Research must increase regarding applications of phages and phage systems in food
Alves et al.13 have also studied the use of coatings to encapsulate cinnamaldehyde and EC4 and φ135 phages to fight against Salmonella Enteritidis and E. coli. The researchers studied their effect in chicken meat, observing a synergy between the phages and the cinnamaldehyde and an antibacterial effect showing to be a feasible application for chicken packaging.
In other research using φIBB-PF7A phages to prevent Pseudomonas fluorescens in poultry, Alves et al.14 observed antibacterial activity in chicken breasts.
Phage systems applied into fruits have also been studied; Amarillas et al.15 used chitosan to load phages against E. coli O157:H7 and applied it onto the surface of a tomato. The team realised that the bacterial growth was significantly reduced by 3 log after one week.
Vonasek et al.16 also used T7 phage using whey protein isolate and beeswax as a delivery system and applied it as a coating onto cucumbers, apples and tomatoes, observing an antibacterial effect against E. coli BL21 and an antimicrobial effect in cut apples of 2 log and approximately equal to 1.5 logs in tomatoes.
Research must increase regarding applications of phages and phage systems in food, and the study of different systems and methods to produce these phage systems must be extended. It is important to make continuous inspections to avoid the possibility of bacterial resistance to phages. Food regulation must be improved urgently so these solutions can be used and applied in the real world to help the food industry. The communication between science, food companies and consumers must be improved to allow a faster application of phage solutions and their acceptance and understanding.
If phages research related to food applications continues at this pace, in the next few years we will see solutions come to market that will help prevent food loss, foodborne diseases and death.
About the author
Maria is a food scientist at CEB in University of Minho and at INL in Portugal. She graduated in 2011 in Biological Engineering – Chemical and Food Technologies, and since 2012 has been researching food innovation, valorisation and safety. Maria is currently finishing her PhD project focused on the development of bio-based systems to incorporate bacteriophages in the food industry to control Salmonella contaminations.
- Food safety. Available online: https://www.who.int/news-room/fact-sheets/detail/food-safety (accessed on Aug 31, 2021).
- López-Cuevas O, Medrano-Félix JA, Castro-Del Campo N, Chaidez C. Bacteriophage applications for fresh produce food safety. Int. J. Environ. Health Res. 2019, 00, 1–16, doi:10.1080/09603123.2019.1680819.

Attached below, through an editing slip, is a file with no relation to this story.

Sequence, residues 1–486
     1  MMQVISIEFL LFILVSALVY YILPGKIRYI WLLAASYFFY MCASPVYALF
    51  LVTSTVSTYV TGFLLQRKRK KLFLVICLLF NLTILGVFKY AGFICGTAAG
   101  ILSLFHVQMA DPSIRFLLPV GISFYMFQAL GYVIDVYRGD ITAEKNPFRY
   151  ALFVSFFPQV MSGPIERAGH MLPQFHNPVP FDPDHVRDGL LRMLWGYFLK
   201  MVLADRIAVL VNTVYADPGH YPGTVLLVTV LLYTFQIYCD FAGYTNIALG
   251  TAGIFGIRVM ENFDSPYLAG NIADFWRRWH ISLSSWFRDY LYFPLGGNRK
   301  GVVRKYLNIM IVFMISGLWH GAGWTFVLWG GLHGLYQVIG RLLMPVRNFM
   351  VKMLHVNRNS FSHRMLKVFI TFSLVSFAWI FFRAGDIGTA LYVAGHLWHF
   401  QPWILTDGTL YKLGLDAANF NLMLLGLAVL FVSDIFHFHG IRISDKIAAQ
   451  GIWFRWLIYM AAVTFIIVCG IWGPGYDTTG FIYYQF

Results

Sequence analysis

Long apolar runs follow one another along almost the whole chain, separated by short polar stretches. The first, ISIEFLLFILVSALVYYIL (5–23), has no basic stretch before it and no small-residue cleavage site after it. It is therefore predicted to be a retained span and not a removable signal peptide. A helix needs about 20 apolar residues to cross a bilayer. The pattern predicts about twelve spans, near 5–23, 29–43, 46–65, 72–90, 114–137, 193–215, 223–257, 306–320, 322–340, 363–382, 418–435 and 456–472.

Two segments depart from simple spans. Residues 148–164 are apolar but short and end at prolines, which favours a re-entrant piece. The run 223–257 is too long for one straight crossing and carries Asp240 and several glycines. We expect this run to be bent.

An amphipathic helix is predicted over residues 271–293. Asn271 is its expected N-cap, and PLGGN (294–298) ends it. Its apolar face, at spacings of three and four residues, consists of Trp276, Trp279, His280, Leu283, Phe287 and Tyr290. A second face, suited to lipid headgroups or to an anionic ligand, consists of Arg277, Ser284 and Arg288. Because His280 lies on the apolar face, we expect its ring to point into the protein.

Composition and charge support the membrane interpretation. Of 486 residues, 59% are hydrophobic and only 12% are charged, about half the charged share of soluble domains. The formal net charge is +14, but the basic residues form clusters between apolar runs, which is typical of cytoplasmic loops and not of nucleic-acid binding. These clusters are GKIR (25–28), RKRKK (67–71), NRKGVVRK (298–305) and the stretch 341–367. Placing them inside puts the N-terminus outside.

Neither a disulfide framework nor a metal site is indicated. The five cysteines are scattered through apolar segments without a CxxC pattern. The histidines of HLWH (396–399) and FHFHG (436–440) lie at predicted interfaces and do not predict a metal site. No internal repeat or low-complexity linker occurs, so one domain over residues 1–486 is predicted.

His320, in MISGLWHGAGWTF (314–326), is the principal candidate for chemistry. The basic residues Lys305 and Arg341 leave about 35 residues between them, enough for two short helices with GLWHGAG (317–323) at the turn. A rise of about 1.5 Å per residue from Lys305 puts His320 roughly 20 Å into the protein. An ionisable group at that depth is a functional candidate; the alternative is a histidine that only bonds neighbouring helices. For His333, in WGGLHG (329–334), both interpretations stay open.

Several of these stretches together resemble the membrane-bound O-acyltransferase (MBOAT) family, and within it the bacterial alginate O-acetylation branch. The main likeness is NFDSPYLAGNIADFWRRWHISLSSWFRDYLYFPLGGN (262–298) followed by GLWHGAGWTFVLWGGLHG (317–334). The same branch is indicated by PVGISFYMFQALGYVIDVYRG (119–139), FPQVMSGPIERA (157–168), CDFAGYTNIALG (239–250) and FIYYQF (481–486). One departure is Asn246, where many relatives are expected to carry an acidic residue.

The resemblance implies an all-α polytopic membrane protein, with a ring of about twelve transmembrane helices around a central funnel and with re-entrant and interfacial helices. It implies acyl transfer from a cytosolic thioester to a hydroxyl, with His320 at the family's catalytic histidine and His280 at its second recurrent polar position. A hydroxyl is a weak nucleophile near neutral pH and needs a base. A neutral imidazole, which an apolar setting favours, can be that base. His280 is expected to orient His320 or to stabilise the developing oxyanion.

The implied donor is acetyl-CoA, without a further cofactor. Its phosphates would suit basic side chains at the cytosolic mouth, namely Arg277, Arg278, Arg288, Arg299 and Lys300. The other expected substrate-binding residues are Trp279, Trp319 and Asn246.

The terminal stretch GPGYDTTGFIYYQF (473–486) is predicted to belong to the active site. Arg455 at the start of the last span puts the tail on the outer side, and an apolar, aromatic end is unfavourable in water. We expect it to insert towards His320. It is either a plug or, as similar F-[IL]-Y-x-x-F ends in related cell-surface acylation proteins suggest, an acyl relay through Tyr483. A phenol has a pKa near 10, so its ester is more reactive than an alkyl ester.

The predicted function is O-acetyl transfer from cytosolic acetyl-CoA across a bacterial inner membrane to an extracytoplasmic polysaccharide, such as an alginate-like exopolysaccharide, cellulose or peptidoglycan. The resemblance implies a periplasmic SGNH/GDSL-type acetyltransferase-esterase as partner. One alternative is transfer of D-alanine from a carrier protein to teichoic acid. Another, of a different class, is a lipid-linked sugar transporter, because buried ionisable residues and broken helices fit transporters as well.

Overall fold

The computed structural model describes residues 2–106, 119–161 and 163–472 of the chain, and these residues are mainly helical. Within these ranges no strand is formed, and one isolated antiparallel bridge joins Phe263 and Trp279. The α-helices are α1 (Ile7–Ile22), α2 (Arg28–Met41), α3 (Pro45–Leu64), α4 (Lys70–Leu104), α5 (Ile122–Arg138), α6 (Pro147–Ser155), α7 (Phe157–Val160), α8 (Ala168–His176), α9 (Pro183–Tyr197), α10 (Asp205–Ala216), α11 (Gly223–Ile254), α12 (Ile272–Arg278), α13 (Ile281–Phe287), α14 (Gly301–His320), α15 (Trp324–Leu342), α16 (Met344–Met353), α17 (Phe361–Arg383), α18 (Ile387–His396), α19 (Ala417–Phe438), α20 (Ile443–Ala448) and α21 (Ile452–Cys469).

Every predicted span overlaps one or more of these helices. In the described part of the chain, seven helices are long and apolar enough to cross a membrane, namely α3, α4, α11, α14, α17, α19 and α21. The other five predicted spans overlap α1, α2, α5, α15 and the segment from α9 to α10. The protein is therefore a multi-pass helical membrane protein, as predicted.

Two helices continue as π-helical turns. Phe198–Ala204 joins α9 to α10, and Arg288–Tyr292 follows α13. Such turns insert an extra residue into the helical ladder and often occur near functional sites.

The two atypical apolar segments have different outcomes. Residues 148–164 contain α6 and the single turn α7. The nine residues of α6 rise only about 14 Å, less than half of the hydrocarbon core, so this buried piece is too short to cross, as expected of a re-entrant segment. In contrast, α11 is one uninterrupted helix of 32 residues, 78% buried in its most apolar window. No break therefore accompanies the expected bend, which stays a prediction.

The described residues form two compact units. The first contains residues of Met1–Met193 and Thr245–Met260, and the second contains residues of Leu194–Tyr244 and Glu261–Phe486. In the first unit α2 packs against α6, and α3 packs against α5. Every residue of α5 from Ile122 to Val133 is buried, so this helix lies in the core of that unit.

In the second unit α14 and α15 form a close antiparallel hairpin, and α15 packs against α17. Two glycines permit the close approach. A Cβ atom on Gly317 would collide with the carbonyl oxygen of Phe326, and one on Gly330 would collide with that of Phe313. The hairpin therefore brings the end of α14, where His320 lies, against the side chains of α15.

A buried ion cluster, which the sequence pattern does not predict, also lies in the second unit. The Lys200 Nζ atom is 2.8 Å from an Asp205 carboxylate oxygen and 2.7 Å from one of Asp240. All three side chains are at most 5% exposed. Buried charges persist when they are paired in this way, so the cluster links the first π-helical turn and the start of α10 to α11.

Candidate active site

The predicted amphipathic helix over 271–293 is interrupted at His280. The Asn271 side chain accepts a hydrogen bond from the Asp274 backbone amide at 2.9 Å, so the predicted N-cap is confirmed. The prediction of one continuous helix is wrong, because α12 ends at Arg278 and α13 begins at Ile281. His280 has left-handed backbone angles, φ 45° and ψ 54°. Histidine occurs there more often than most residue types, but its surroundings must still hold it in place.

- What are spoilage bacteria? Available online: https://ask.usda.gov/s/article/What-are-spoilage-bacteria (accessed on Aug 31, 2021).
- Public Health Advisories from Investigations of Foodborne Illness Outbreaks | FDA Available online: https://www.fda.gov/food/outbreaks-foodborne-illness/public‑health-advisories-investigations-foodborne-illness-outbreaks (accessed on Aug 31, 2021).
- Leung V, Szewczyk A, Chau J, et al. Long-Term Preservation of Bacteriophage Antimicrobials Using Sugar Glasses. 2017, doi:10.1021/acsbiomaterials.7b00468.
- Scott SE, Rozin P, Small DA. More for Preventatives Than for Curatives. J. Consum. Res. 2020, 1–57.
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- Pinto G, Almeida C, Azeredo J. Bacteriophages to control Shiga toxin-producing E. coli–safety and regulatory challenges. Crit. Rev. Biotechnol. 2020, 0, 1–17, doi:10.1080/07388551.2020.1805719.
- Sillankorva SM, Oliveira H, Azeredo J. Bacteriophages and their role in food safety. Int. J. Microbiol. 2012, 2012, doi:10.1155/2012/863945.
- Fernández L, Gutiérrez D, Rodríguez A, García P. Application of bacteriophages in the agro-food sector: A long way toward approval. Front. Cell. Infect. Microbiol. 2018, 8, 1–5, doi:10.3389/fcimb.2018.00296.
- Food Waste. Available online: https://ec.europa.eu/food/safety/food-waste_en (accessed on Aug 31, 2021).
- Costa MJ, Pastrana LM, Teixeira JA, et al. Characterization of PHBV films loaded with FO1 bacteriophage using polyvinyl alcohol-based nanofibers and coatings: A comparative study. Innov. Food Sci. Emerg. Technol. 2021, 69, doi:10.1016/j.ifset.2021.102646.
- Alves D, Cerqueira MA, Pastrana LM, Sillankorva S. Entrapment of a phage cocktail and cinnamaldehyde on sodium alginate emulsion-based films to fight food contamination by Escherichia coli and Salmonella Enteritidis. Food Res. Int. 2020, 128, 108791, doi:10.1016/j.foodres.2019.108791.
- Alves D, Marques A, Milho C, et al. Bacteriophage ϕIBB-PF7A loaded on sodium alginate-based films to prevent microbial meat spoilage. Int. J. Food Microbiol. 2019, 291, 121–127, doi:10.1016/j.ijfoodmicro.2018.11.026.
- Amarillas L, Ana LL, Heredia KAJB, León-félix AGJ. The antibacterial effect of chitosan-based edible coating incorporated with a lytic bacteriophage against Escherichia coli O157 : H7 on the surface of tomatoes. 2018, 1–10, doi:10.1111/jfs.12571.
- Vonasek EL, Choi AH, Jr JS, Nitin N. Incorporating Phage Therapy into WPI Dip Coatings for Applications on Fresh Whole and Cut Fruit and Vegetable Surfaces. 2013, 1–9, doi:10.1111/1750-3841.14188.